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What I Learned Moving from Derivatives to the Vineyard

by Guest on December 7, 2012

Anika worked at a financial consultancy firm in The City before setting up Flavours of France, a cooking and wine holiday company, last year. She shares a few things she has learnt along the way…

1) Imposter Syndrome can knock your confidence

Desperate to get a job after uni I applied for everything and anything including a financial consultancy position at a derivatives firm in The City. A couple of weeks after my application, I found out I got the job.

Within six months I was on £30,000 and I was pretty chuffed. But even after being at the company for a year I still had imposter syndrome. I didn’t feel qualified for the projects I was doing and received little training on derivatives, learning what I could from books and on the job. Being out of my depth in a job I had very little interest in was very demoralising.

Since starting up a business I earn less but I am doing something that is more rewarding. I deal with everything from PR and marketing to organising and taking bookings for the cooking holidays.
Overcoming setbacks along the way has increased my confidence – I have learnt things I would never have known if I was still working in The City and I no longer feel like an imposter.

2) It’s ok to quit without a plan

I quit my job without a plan. Being in the corporate environment I could not think creatively. Besides, I wasn’t simply looking for another job I was looking for another lifestyle altogether.

What I did next:
I moved out of my East London flat to live back at home with my mum. I went to start up shows in London and attended workshops where I met lots of entrepreneurs. Being away from the corporate environment changed my thinking and I began looking at everything as a potential business.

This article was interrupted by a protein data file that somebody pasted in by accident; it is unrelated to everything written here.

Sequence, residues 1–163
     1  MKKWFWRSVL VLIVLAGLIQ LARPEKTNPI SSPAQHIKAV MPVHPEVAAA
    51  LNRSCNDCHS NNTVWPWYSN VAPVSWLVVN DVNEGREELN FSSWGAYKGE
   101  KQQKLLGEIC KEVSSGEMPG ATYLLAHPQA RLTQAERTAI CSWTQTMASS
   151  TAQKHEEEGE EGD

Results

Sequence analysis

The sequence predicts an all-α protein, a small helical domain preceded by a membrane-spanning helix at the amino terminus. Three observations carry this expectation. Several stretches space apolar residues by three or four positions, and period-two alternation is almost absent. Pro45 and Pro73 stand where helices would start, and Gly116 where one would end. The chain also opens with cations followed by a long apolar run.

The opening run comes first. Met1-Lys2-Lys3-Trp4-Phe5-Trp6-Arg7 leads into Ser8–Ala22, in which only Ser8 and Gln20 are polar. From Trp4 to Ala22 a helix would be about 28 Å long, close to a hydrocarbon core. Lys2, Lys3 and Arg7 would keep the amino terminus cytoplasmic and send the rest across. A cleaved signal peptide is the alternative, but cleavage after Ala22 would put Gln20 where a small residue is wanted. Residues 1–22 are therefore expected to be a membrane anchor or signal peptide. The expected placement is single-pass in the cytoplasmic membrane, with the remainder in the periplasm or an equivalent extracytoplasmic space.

It took 6 months for me to research ideas and during this time I did some odd jobs such working at Selfridges. On one shift, I got talking to a guy about his recent internship at a cooking holiday company in Italy. I really liked the concept and naively thought ‘how hard can that be’?

Getting Started:
I liked the idea of going on a cooking and wine tasting holiday and was confident that people would be willing to pay for this, plus I had lived in France as a student and love the cuisine. I booked a cheap flight to La Rochelle in February last year, and so began the journey to setting up Flavours of France. With savings and a loan, I started the business. In the summer I set up more holidays in Lyon with a girl I met at my first exhibition.

If I had waited for the multimillion pound idea I would still be working in The City. You don’t need the most unique idea, just enough confidence, drive and passion to keep positive when there are setbacks.

3) Good Things come to those who Wait

Inspiring Story:
When I visited the Poitou Charentes region to look into organising wine tours, I met Christian Chabirand. Christian, along with his wife, left his City job to follow his dream of owning a vineyard and producing 100% organic wine. They bought some land and undertook the mammoth task of creating a vineyard from scratch on virgin soil, pretty much unheard of in the wine industry. That was in 1997. With no pre-existing vine, it took 6 years of faith and hard work until they were able to harvest the first grapes and produce their first vintage in 2003.

The gamble paid off and they now sell their organic wines all over the world. Hearing their story made me realise that success is not instant. At times I get frustrated when things are progressing slowly or when there is a setback.

But then I remember Christian’s story. I have only been doing this for 18 months, who knows what the next 6 years will bring?

Conclusion

  • It is up to you to decide what it is you want to learn. Knowing about setting up and running a business is more valuable to me than knowing about derivatives.
  • Sometimes you need a change of environment to discover other ways of living and working.
  • Be patient, as success comes with hard work and time.

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